Roderick Strong defends his North American championship Wednesday night on NXT, wrestling Keith Lee in a match that is appointment viewing for wrestling fans.
The match represents a tremendous opportunity for both emerging stars to show their excellence on live television. Strong is approaching a critical week. He will have multiple eyes on him from the WWE office and its fan base during his match against Lee on Wednesday, as well as his eight-man tag with The Undisputed Era against Imperium at the “Worlds Collide” special Saturday night on the WWE Network. Following that, there is always the possibility that Strong could be a surprise entrant in Sunday’s Royal Rumble match.
The 35-year-old Strong, whose real name is Christopher Lindsey, is held in extremely high esteem by his peers. Having broken into the business in 2000, Strong is now in his 21st year as a professional, and he honed his craft in Ring of Honor, Full Impact Pro, and PWG in the United States, as well as Dragon Gate and Pro Wrestling NOAH in Japan, before arriving in NXT in 2016. His ability to execute in the ring is what makes Strong such an elite talent, and he is presented in an authentic and legitimate manner as part of The Undisputed Era.
Strong was a longtime babyface during his memorable run in Ring of Honor, but he has shined in NXT as a villain. He spoke with Sports Illustrated about his run thus far in NXT, his Survivor Series triple threat match against AJ Styles and Shinsuke Nakamura, the progress of his wife Marina Shafir in NXT, as well as the importance of his match against Lee.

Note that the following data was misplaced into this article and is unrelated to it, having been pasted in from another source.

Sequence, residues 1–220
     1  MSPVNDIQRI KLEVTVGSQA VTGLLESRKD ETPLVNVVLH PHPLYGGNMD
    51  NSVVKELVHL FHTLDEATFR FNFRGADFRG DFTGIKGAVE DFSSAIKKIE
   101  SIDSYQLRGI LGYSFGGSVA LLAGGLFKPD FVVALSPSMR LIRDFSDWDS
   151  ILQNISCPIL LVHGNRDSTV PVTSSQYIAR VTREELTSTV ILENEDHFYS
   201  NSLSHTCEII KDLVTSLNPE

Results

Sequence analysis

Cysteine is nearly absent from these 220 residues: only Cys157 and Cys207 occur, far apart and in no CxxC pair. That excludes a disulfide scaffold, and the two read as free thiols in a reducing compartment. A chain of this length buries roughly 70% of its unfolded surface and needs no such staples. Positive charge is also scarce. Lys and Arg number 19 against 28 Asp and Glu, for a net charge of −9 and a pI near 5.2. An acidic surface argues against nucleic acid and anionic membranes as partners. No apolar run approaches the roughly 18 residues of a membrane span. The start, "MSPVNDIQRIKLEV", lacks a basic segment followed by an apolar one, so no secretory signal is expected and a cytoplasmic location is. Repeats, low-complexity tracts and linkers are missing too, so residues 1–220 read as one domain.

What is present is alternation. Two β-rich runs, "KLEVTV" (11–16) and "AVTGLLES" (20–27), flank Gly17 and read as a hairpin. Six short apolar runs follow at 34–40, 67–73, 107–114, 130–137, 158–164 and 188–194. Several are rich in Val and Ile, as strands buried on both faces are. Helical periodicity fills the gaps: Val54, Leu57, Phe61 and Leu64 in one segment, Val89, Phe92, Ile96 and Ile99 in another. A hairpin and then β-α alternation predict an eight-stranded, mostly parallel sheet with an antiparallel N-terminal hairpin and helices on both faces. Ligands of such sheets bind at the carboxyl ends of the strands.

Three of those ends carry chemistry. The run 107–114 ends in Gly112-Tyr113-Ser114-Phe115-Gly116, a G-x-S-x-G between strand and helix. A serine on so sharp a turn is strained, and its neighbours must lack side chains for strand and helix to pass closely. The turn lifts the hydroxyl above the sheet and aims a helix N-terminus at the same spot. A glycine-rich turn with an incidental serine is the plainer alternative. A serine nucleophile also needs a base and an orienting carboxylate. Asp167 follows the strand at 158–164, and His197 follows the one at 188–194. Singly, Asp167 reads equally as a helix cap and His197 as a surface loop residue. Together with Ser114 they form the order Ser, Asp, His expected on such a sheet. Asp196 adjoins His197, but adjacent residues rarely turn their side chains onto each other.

Justin Barrasso: You are approaching a pretty significant week in your career, beginning with this Wednesday’s title match against Keith Lee. This is your twentieth year in pro wrestling, and you have seemingly wrestled everywhere. Do you prepare differently for televised matches in NXT than you did in Ring of Honor or PWG?
Roderick Strong: Honestly, not at all. For the longest time, I had to figure out what worked for me, and that’s exactly what I’ve done. I’ve found a formula that keeps me prepared, no matter the situation or whatever arises. That’s one of the things I pride myself on—I figured out what works for me and prepared for any opportunity that comes my way, no matter how big or small the match may be.
JB: Speaking of big matches, what excites you most about working with a super heavyweight like Keith Lee this Wednesday on NXT?
RS: Keith is definitely a super heavyweight, he is just such a special athlete and he knows that about himself. This is one of those matchups that mean the world to me. He is a unique athlete, and I feel like I am a unique athlete. There is no one else with my style—that is as aggressive or persistent and won’t stay down. There are a ton of good wrestlers out there, but no one just like me, and Keith understands that.